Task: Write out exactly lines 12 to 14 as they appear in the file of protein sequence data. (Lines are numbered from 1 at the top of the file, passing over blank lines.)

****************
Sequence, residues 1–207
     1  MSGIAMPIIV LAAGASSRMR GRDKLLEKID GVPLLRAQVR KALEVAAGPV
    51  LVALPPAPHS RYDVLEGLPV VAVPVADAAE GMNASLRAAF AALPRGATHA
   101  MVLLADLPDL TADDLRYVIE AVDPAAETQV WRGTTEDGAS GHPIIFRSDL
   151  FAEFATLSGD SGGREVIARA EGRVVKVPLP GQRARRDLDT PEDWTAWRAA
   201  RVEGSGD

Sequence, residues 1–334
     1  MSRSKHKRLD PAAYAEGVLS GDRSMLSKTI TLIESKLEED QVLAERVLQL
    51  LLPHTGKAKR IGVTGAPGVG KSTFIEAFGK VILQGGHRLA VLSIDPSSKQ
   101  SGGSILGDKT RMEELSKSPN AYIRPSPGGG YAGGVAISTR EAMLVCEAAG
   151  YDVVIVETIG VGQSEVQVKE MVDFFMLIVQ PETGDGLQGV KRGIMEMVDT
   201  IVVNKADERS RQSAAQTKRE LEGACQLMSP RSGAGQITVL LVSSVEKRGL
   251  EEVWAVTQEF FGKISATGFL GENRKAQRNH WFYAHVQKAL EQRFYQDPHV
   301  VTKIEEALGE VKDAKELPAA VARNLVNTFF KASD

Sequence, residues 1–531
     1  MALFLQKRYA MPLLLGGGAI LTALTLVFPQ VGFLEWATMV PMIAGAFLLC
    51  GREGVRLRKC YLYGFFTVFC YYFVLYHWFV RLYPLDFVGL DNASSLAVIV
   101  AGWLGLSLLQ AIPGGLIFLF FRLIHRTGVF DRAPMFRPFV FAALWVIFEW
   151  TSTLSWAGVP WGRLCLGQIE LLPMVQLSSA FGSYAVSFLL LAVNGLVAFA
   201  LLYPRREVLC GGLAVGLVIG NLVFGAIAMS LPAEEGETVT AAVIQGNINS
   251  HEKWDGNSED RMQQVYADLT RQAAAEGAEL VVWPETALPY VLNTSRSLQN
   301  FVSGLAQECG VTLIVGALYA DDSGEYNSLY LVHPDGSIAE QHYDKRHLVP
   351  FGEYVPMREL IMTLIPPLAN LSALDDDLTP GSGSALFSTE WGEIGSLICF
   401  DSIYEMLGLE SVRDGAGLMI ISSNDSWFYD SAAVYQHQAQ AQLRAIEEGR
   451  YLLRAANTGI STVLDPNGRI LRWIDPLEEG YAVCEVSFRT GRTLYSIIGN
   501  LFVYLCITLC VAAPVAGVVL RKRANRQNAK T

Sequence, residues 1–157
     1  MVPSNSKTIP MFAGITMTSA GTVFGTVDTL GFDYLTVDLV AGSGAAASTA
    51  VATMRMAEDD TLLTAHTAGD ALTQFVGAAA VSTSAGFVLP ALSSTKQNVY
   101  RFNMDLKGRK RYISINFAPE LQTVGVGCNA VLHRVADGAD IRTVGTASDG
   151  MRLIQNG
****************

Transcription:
   201  IVVNKADERS RQSAAQTKRE LEGACQLMSP RSGAGQITVL LVSSVEKRGL
   251  EEVWAVTQEF FGKISATGFL GENRKAQRNH WFYAHVQKAL EQRFYQDPHV
   301  VTKIEEALGE VKDAKELPAA VARNLVNTFF KASD